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Bentsen H.B.,P.O. Box 5010 As | Gjerde B.,P.O. Box 5010 As | Eknath A.E.,Worldfish Center | de Vera M.S.P.,Worldfish Center | And 8 more authors.
Aquaculture | Year: 2017

Selection for increased body weight at harvest in Nile tilapia (Oreochromis niloticus) was carried out for five generations from 1991 to 1996, as a part of the project Genetic Improvement of Farmed Tilapias (GIFT). The base population for selection was composed of a mixture of various three- and four-way cross individuals descending from four wild African strains and four farmed Asian strains. Methods for single pair mating, separate rearing of full-sib groups and individual tagging and pedigree recording were developed. The parents for a new generation were selected based on a selection index including their own age corrected-body weight at harvest as well as that of their full- and half-sibs. Across generations, a total of 512 males were mated in a nested mating design to 941 females to produce 81,429 tagged progenies. Of those, 56,633 progeny had their body weight recorded at harvest after grow-out testing in a diverse range of farming environments. Estimates of the within generation realized response to selection across farming environments were obtained as the difference between the least squares mean performance of offspring of selected parents and of offspring of parents with average values of the selection index. The average realized response to selection per generation was 13.6% (range 9.0 to 20.1%), resulting in an accumulated response over five generations of 88% relative to the base population. A genetic trend analysis based on BLUP breeding values estimated across generations after the termination of the project suggested an accumulated response of 67%. The genetic composition of the synthetic population also changed during selection. The proportion of ancestors from three of the wild African founder strains increased from 59.7 to 76.3%. The accumulated coefficient of inbreeding was 7.1%. After the termination of the GIFT project, selection was continued in the GIFT population. The population has also been used as a genetic source in a number of similar public and private selection programs. A status review of the presently recorded dissemination of the genetic material and methodology is presented. Statement of relevance The GIFT project showed that five generations of repeated selection based on testing of individually tagged and pedigreed individuals from a synthetic farmed population of Nile tilapia gradually increased the body weight at harvest. The total increase was 67–88%. Reports from several descending populations shows that the selection response has continued during > 10–15 additional generations. © 2016 Elsevier B.V.

Bentsen H.B.,Nofima | Gjerde B.,Nofima | Nguyen N.H.,Worldfish Center | Rye M.,Nofima | And 14 more authors.
Aquaculture | Year: 2012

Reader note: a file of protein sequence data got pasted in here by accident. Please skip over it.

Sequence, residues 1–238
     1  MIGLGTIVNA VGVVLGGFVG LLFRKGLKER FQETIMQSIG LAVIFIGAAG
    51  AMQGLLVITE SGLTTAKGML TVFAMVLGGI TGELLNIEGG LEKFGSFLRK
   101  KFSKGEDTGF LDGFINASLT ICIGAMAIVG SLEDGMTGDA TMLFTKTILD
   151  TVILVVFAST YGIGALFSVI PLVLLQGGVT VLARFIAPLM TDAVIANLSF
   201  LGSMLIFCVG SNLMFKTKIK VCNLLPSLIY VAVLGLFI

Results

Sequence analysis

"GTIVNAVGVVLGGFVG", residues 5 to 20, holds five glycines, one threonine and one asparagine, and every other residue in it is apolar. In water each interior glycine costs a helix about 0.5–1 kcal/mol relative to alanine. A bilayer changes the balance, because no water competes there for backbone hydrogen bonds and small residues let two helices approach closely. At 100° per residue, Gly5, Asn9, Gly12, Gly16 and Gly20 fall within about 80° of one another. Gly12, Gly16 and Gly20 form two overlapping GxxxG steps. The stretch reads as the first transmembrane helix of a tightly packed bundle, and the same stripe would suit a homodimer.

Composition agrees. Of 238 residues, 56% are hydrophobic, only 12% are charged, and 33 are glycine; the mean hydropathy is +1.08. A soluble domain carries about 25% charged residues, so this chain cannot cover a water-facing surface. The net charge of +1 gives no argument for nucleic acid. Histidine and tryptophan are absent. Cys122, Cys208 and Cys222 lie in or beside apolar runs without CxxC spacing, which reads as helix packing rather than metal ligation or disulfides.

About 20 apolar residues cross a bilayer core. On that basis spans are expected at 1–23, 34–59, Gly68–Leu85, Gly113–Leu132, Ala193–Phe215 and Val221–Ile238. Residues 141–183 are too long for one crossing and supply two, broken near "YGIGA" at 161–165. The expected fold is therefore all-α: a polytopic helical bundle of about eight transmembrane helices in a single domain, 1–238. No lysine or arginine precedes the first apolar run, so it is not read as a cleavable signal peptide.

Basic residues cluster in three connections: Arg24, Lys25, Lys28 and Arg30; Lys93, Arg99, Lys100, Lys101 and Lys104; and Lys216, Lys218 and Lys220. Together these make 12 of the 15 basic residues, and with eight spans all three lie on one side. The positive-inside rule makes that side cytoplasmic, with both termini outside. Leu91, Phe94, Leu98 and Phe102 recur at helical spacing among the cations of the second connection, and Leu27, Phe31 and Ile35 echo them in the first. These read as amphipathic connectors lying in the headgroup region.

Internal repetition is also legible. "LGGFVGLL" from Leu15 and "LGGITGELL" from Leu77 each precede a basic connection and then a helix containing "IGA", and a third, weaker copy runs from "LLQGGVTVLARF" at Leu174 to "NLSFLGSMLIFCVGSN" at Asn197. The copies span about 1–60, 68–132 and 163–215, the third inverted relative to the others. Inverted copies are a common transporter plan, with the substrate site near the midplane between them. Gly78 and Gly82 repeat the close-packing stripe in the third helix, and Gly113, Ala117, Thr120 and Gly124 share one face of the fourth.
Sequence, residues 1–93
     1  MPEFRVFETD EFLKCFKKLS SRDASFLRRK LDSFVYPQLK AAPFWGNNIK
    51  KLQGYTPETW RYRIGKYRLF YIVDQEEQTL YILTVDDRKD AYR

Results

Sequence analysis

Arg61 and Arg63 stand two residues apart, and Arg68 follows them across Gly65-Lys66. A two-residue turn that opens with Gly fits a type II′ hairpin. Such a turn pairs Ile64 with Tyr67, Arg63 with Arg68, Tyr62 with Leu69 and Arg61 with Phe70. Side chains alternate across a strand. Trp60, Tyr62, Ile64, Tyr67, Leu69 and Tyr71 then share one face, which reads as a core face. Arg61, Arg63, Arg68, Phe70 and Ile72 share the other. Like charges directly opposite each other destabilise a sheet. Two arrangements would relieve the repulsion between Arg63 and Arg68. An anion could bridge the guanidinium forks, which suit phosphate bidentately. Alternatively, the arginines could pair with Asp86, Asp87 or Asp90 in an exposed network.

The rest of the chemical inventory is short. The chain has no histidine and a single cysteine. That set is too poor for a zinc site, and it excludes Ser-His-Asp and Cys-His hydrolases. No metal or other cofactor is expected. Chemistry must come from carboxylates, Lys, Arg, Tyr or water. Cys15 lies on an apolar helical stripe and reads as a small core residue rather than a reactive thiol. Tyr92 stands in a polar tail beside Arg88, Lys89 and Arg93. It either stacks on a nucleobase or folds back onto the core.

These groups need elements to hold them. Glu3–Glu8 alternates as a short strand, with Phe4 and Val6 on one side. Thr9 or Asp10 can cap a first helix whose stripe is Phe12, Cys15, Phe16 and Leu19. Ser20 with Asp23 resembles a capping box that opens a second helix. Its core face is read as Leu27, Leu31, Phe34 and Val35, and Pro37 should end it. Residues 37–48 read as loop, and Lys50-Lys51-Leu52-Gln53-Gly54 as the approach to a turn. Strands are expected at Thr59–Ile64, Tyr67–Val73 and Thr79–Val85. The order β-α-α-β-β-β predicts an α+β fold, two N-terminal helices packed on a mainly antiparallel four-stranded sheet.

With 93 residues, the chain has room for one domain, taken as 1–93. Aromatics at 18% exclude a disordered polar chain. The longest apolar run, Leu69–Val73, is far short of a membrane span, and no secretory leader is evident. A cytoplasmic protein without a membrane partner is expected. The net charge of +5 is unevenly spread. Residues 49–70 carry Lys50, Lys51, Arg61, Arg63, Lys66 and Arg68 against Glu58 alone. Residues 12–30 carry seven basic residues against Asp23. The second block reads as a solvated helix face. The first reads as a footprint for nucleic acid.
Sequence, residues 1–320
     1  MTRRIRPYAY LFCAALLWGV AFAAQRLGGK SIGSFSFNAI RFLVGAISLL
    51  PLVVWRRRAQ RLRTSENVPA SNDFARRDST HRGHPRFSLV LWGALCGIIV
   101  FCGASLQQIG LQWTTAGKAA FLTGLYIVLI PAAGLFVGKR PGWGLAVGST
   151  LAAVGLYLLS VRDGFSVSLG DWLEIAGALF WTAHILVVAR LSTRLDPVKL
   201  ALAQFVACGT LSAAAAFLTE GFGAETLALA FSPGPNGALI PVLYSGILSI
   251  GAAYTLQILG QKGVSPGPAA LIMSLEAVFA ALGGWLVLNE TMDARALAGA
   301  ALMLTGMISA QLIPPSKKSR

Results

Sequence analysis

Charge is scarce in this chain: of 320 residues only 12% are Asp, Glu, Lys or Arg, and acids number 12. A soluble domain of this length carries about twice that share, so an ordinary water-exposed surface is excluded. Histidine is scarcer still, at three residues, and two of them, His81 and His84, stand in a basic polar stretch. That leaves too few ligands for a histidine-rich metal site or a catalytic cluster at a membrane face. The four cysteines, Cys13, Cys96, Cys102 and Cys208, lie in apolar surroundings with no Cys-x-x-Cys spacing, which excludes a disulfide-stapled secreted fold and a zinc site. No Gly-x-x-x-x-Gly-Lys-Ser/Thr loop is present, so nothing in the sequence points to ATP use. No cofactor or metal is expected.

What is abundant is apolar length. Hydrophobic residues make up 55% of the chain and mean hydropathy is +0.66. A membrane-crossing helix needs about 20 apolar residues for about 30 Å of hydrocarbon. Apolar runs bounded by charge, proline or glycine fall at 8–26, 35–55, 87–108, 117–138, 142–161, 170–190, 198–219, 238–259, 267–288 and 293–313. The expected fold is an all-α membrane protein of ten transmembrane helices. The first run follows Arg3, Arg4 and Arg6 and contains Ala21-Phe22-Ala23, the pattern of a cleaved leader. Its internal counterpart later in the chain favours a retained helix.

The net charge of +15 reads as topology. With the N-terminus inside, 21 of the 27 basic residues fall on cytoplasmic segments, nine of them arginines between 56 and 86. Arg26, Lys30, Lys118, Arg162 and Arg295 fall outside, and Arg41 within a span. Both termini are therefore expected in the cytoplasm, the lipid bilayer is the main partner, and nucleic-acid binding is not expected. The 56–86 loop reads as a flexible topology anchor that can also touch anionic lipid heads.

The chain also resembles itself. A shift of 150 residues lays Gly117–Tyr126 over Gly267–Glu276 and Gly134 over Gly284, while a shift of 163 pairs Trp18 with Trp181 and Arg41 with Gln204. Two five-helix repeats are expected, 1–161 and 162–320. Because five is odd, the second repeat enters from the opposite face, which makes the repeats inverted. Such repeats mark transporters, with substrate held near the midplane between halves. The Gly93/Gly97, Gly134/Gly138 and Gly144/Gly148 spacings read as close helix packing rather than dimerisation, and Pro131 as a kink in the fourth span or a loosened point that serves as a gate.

Phenotypic and genetic parameters for harvest body weight were estimated within and across multiple test environments and five consecutive generations of the synthetic GIFT population. Of a total of about 62,000 individually tagged fish, 43,066 individuals from 461 sires and 815 dams across generations had body weights recorded in two to eight different test environments per generation from 1991 to 1996. The test environments included earthen ponds (fertilized with inorganic fertilizer, organic manure, or on-farm agricultural residues), cage culture, rice-fish, and ponds at test stations located in different agro-climatic regions. Heritability estimates for harvest body weight within test environments and generation were on average h2=0.31 (range 0.06-0.68) and the estimates for effects common to full sibs other than additive genetic effects c2=0.09 (range 0.04-0.16). The estimates tended to be higher in cage test environments. After adjusting for heterogeneous variances of harvest body weight across generations, test environments and sexes, the estimates across test environments within generations were on average h2=0.23 and c2=0.03 over the five generations, while the estimate across all test environments and generations was h2=0.16±0.02 and c2=0.10±0.01. The genetic correlations (rg) between harvest body weights of sibs in different test environments were in general high (0.53-0.99, mean 0.89) for all environments except for intensive cage culture, implying minor genotype by environment (G×E) interactions. The genetic correlations involving the intensive cage culture environment were lower (0.08-0.43) and not significantly different from zero, suggesting that G×E interactions may occur if test environments differ widely. It is proposed that this G×E interaction may involve effects of sexual maturation on growth in pond environments. The overall heritability for body weight at harvest of females (0.20±0.02) was not significantly different from that of males (0.16±0.02). However, these estimates were lower in ponds than in cages, in particular for male body weight. Estimates of genetic correlations between harvest body weight of sib males and females also suggested a moderate sex by genotype interaction in ponds (rg=0.78±0.04) that did not occur in cages (rg=0.97±0.04). These results are consistent with the realization that the GIFT population responds well to selection for increased body weight at harvest across a wide range of pond farm environments (including rice-fish culture) without the need to develop environment specific selection lines. The benefits of specialized selection for intensive cage farming systems should be investigated further. © 2012.

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